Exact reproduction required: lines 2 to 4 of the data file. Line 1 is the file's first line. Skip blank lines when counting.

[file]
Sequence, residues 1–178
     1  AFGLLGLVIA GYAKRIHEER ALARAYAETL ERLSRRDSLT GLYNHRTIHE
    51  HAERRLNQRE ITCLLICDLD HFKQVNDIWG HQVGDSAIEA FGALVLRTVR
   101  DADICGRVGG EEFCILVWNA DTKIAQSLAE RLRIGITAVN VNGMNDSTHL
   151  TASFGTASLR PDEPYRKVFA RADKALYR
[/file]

     1  AFGLLGLVIA GYAKRIHEER ALARAYAETL ERLSRRDSLT GLYNHRTIHE
    51  HAERRLNQRE ITCLLICDLD HFKQVNDIWG HQVGDSAIEA FGALVLRTVR
   101  DADICGRVGG EEFCILVWNA DTKIAQSLAE RLRIGITAVN VNGMNDSTHL